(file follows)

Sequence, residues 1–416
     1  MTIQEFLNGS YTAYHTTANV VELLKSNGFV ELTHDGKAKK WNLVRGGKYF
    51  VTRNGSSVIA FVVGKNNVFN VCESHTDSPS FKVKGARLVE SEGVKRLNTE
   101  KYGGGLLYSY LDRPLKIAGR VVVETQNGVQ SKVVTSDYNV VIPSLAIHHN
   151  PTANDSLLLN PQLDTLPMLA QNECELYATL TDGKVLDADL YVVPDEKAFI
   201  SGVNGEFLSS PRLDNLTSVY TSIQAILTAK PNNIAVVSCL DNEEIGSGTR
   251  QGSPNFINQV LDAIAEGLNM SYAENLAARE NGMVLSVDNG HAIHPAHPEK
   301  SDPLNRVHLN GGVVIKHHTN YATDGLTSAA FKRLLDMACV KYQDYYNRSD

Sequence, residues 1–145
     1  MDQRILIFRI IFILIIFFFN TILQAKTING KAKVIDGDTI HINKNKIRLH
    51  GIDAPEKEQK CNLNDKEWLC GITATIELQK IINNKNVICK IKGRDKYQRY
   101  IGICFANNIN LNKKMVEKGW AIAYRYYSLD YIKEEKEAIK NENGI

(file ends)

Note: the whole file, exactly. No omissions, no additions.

Sequence, residues 1–416
     1  MTIQEFLNGS YTAYHTTANV VELLKSNGFV ELTHDGKAKK WNLVRGGKYF
    51  VTRNGSSVIA FVVGKNNVFN VCESHTDSPS FKVKGARLVE SEGVKRLNTE
   101  KYGGGLLYSY LDRPLKIAGR VVVETQNGVQ SKVVTSDYNV VIPSLAIHHN
   151  PTANDSLLLN PQLDTLPMLA QNECELYATL TDGKVLDADL YVVPDEKAFI
   201  SGVNGEFLSS PRLDNLTSVY TSIQAILTAK PNNIAVVSCL DNEEIGSGTR
   251  QGSPNFINQV LDAIAEGLNM SYAENLAARE NGMVLSVDNG HAIHPAHPEK
   301  SDPLNRVHLN GGVVIKHHTN YATDGLTSAA FKRLLDMACV KYQDYYNRSD

Sequence, residues 1–145
     1  MDQRILIFRI IFILIIFFFN TILQAKTING KAKVIDGDTI HINKNKIRLH
    51  GIDAPEKEQK CNLNDKEWLC GITATIELQK IINNKNVICK IKGRDKYQRY
   101  IGICFANNIN LNKKMVEKGW AIAYRYYSLD YIKEEKEAIK NENGI